Researchers are finding many small “dead zones” in the western Gulf of Mexico, but so far there is little to no evidence they are related to the BP oil spill.
According to Dr. Eric Hoffmayer, an assistant research scientist with the Gulf Coast Research Laboratory, areas of water that have had plankton and low oxygen levels also have decreased salinity.
He believes it could be due to a response by Louisiana officials opening up more dams on the Mississippi River to try and increase water flow through the Delta and push oil further away from the shoreline.
“In Chandeleur Sounds (in Louisiana) we saw the salinity get cut in half in a matter of days,” he says. “Water stratifies this time of year and will be cut in half. What is happening is where we were getting a lot of plankton, it would slowly start dying and sink to bottom of the water where bacteria would start to break it down.”
“There’s been talk of dispersed oil having the same effect, but everywhere we’ve seen it the surface water has lower salinity…right now believe its freshwater infiltration.”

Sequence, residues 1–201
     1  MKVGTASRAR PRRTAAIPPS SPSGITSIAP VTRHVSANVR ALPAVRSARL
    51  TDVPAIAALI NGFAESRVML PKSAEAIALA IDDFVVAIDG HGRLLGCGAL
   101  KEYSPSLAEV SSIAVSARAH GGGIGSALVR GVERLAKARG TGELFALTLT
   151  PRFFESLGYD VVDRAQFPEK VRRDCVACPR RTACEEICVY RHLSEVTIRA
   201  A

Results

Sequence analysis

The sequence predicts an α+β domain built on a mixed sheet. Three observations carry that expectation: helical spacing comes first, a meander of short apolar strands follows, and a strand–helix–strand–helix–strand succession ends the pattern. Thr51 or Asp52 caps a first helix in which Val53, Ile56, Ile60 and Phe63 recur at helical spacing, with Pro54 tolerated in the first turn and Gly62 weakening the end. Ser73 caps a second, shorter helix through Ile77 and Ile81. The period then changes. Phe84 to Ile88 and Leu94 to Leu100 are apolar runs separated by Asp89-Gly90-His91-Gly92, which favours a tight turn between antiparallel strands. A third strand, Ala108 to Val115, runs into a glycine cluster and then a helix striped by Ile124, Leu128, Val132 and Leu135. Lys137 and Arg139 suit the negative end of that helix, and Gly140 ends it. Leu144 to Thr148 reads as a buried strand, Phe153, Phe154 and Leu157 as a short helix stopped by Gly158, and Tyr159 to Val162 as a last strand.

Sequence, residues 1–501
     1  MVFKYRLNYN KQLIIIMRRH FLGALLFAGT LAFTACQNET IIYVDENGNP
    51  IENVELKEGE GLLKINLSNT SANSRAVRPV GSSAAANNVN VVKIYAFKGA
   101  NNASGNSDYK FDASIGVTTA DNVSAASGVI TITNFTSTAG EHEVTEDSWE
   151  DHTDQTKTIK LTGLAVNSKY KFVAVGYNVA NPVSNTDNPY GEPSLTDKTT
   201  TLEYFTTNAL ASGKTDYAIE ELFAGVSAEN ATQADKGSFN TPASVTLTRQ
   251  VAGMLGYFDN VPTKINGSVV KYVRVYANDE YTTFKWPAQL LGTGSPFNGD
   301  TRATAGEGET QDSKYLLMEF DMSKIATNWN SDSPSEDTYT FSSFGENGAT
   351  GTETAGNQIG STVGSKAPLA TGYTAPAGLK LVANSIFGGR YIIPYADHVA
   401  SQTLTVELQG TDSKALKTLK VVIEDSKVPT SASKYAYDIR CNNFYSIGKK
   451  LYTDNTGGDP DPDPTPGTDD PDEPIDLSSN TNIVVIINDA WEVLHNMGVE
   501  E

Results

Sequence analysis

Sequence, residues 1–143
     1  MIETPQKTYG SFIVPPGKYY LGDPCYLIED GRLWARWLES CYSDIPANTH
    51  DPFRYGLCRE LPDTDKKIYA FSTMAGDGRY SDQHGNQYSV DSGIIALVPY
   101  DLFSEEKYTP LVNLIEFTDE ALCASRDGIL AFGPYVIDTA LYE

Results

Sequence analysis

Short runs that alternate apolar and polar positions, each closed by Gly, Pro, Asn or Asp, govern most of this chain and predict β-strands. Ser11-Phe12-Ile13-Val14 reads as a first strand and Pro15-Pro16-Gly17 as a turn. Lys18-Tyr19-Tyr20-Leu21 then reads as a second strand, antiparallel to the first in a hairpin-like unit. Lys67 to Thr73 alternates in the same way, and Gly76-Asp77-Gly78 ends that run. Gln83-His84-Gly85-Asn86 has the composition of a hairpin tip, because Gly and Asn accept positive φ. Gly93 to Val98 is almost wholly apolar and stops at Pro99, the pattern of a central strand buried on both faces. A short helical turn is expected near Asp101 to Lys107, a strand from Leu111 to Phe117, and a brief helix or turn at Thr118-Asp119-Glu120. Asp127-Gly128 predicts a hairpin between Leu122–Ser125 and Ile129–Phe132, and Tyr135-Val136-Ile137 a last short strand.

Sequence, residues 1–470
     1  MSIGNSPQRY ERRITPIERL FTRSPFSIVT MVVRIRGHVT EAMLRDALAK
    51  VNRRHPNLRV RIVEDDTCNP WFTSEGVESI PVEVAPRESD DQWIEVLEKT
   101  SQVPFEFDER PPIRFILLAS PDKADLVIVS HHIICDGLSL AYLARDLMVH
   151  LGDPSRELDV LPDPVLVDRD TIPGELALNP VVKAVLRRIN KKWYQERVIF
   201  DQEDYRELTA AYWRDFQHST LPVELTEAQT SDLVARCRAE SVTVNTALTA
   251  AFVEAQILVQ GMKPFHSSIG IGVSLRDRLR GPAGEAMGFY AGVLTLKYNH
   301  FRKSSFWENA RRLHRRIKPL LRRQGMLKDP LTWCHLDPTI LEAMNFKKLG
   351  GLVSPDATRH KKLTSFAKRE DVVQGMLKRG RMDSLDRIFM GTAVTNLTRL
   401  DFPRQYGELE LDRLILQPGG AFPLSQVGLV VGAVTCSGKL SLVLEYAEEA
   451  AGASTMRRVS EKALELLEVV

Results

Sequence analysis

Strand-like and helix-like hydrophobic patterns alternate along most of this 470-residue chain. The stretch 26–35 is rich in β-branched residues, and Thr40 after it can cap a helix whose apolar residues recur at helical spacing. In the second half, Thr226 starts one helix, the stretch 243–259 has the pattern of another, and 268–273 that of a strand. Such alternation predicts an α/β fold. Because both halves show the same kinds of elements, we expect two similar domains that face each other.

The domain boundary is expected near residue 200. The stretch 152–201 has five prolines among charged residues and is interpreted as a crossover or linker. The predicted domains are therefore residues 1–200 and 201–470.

Hoffmayer does note that the dispersants being used to break apart the surface oil give reason for concern.
“Once you disperse the oil there is no way to clean it up,” he says. “It’s going to make it really, really tough to understand what these effects will be. At this level, I don’t know.”
So far, one of the most problematic problems he’s seen with marine life has been with sharks—which he focuses much of his research on—paying little attention to oil that is present.
“We’re seeing some animals get kind of pushed around, but as for sharks, we don’t really know if these animals are sensing oils, which could be a really bad thing.”
Stephen Sempier, the deputy director for the Mississippi-Alabama Sea Grant Consortium, has been working on updating the Gulf of Mexico Research Plan that is funded under a grant from NOAA.
Much like Hoffmayer’s group, Sempier has been trying to compare years of research data with what is happening today in an effort to find changes in sea life.
“Now people are focused on the oil spill,” he says. “There are still a lot of research questions that don’t directly go with oil, but due to the economic, environmental and other impacts, it has triumphed…at least for the short term.”
Sempier says there are currently 80 research activities underway—some unfunded—by nine universities in the region.
“Right now we’re trying to establish monitoring protocols,” he says, “and look at long term studies…they have to be established. One thing we’re fortunate with in the Gulf of Mexico is there are microbes that break down oil naturally.
“Unfortunately, I don’t think anyone really knows 100 percent what is going to happen.”